Attorney advertising and the contingency fee cost paradox.

Author:Engstrom, Nora Freeman
Position:IV. The Paradox: Personal Injury Advertisers Appear to Buck Economic Predictions through Conclusion, with footnotes, p. 667-695
 
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  1. THE PARADOX: PERSONAL INJURY ADVERTISERS APPEAR TO BUCK ECONOMIC PREDICTIONS

    To this point, we have considered theoretical explanations for why advertising might reduce prices, and we have also reviewed a number of studies that, with a couple exceptions, appear to confirm the theory works. We have also seen that legal clinics, the first and most aggressive advertisers, did appear to charge reduced prices for routine legal services, just as theory would dictate and experience from other markets might predict. (185) But, we have also seen that, since the late 1980s or early 1990s, personal injury lawyers have supplanted legal clinics as the biggest attorney advertisers, by far. (186)

    Having laid that factual foundation, we can confront the puzzle this Article exposes and explores: though advertisers typically charge less than non-advertisers, there is no evidence that advertising personal injury lawyers charge less, on a percentage basis, than their non-advertising counterparts. Nor is there evidence that, despite the swell of personal injury attorney advertising, contingency fees--the near-uniform method of payment for PI services (187)--have dropped over the past four decades. (188) True, contending that attorney ads haven't reduced contingency fees is perilous because data here are notoriously spotty. There is no requirement that attorneys publicly report the fees they charge, and there have been few systematic studies. (189) But fragmentary evidence suggests that, if anything, advertising PI lawyers charge higher contingency fees, on a percentage basis, than non-advertising PI lawyers, and that, with some notable exceptions, (190) contingency fees for legal services are--and have long remained--sticky around 33%. (191)

    In an ideal world one could directly test assertions about promotional activity's effect on contingency fees. One could, for instance, compile copious data from a representative group of PI specialists and specify a regression model, regressing fees (whether by contingency fee percentage charged or effective hourly rate realized (192)) on an indicator variable set to one if the firm advertised and zero otherwise along with a range of independent variables that theory and evidence suggest will impact fees or are logically necessary controls, including firm size, attorney experience, subspecialties within PI, and so forth. Better still, one could further refine the model to account for a firm's advertising intensity, as a single Yellow Pages ad and blanket TV coverage might generate very different effects. While even such a sophisticated research design would fall considerably short of a causal model, it would capture the correlation (or relationship) between advertisements aired and fees charged. (193) Unfortunately, though, that data is not currently available and, without it, I am left to rely on either dated or descriptive information, meaning that conclusions are necessarily tentative.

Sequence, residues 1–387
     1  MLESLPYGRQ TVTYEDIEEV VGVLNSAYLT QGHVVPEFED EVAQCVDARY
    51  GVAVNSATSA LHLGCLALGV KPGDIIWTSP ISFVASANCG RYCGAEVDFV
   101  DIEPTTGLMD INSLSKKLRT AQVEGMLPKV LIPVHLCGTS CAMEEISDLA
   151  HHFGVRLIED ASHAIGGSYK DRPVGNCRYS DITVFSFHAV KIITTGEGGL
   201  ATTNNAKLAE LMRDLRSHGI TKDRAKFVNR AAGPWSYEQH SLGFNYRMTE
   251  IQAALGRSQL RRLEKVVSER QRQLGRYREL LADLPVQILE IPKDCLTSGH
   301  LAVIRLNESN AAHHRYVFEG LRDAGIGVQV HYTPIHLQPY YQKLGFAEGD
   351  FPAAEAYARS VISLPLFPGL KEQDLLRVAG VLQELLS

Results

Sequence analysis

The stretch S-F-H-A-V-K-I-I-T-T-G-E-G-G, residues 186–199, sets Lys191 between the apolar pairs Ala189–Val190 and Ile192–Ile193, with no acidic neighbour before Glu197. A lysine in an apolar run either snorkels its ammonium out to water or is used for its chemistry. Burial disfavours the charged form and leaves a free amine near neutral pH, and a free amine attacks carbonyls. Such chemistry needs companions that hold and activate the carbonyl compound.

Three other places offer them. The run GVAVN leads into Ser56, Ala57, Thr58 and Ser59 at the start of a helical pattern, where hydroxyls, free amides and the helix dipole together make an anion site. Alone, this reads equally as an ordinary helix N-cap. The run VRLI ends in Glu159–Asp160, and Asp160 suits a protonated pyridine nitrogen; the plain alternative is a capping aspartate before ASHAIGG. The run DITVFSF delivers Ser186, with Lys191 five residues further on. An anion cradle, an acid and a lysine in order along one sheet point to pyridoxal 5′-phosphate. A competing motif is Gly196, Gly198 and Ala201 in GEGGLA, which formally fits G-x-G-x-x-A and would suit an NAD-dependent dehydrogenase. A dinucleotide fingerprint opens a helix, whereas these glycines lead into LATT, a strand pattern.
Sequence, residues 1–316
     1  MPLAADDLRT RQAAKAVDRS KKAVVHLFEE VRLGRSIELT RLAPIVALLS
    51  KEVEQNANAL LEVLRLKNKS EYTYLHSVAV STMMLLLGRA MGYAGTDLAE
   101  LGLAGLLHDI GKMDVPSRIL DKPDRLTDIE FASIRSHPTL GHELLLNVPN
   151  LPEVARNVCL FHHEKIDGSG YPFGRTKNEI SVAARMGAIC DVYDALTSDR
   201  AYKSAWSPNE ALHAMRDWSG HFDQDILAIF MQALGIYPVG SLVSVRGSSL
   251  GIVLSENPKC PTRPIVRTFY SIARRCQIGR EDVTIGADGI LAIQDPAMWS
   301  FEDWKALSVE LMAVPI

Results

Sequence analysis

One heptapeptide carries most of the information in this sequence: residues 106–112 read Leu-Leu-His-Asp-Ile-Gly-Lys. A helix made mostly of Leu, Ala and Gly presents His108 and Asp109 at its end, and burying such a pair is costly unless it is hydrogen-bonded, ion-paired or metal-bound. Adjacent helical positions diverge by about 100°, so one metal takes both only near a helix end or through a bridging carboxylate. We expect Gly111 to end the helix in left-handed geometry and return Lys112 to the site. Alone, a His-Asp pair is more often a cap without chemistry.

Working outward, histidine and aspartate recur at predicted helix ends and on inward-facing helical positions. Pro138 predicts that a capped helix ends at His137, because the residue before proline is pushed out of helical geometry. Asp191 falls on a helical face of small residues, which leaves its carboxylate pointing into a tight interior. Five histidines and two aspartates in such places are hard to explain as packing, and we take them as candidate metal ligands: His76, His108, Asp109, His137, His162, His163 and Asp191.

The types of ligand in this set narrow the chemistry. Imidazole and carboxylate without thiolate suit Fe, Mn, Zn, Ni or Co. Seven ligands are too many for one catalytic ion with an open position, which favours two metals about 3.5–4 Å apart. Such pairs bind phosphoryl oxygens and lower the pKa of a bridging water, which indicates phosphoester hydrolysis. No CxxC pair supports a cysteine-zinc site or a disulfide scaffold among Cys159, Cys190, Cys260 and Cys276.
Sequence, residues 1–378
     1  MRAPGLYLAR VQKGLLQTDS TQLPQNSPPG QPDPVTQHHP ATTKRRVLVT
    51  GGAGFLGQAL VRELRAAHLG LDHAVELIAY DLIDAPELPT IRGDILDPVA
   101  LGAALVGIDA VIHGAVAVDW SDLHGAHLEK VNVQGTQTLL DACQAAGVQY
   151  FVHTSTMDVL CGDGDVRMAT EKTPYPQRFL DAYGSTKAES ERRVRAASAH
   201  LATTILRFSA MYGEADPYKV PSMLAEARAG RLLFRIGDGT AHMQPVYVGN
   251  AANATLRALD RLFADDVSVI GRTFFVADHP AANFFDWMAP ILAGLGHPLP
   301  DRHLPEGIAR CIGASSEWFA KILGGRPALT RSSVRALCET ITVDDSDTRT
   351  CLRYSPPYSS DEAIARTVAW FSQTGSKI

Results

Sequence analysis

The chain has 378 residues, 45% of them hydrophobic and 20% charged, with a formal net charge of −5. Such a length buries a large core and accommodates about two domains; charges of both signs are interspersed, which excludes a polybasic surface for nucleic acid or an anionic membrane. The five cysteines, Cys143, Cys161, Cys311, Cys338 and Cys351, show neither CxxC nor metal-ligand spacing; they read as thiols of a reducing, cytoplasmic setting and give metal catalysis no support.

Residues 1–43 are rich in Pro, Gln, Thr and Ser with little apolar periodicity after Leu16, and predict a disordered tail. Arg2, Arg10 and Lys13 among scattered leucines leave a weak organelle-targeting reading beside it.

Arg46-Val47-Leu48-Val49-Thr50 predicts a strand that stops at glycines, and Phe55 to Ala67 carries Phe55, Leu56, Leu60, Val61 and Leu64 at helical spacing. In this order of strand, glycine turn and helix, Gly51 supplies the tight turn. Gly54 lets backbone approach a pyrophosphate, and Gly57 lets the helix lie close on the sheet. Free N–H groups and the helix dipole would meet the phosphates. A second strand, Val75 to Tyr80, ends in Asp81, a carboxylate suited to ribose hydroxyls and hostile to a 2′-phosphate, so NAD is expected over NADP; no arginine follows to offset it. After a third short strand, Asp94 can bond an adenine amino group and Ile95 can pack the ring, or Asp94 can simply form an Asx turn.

Three prime sources of data inform the study of the relationship between contingency fees and attorney advertising. The most systematic evidence ever collected, by far, was compiled by the staff of the FTC. As noted, that study found that, unlike for all other specialties, in the three out of seventeen cities with statistically significant results, personal injury advertisers charged higher contingency fees than their non-advertising counterparts. (194)

    Herbert Kritzer's empirical work also sheds light on this question. In a survey of Wisconsin contingency fee practitioners, he found that lawyers in firms that employ media or direct mail advertising earn higher mean and median effective hourly rates, as compared to non-advertisers. (195) Specifically, he found that advertisers earn mean effective hourly rates of $326, compared to $220 for non-advertisers, and median effective hourly rates of $182, compared to $122 for non-advertisers. (196) When weighted to adjust the sample to the Wisconsin population, the difference becomes more stark. Advertisers earned a mean of $513, as compared to $269, and a median of $182, as compared to $165. (197) This study was not confined to PI practitioners, and it did not, of course, speak directly to the precise contingency fee percentage advertising lawyers charge, but it is at least suggestive that today's advertising lawyers are not cutting fees to the bone.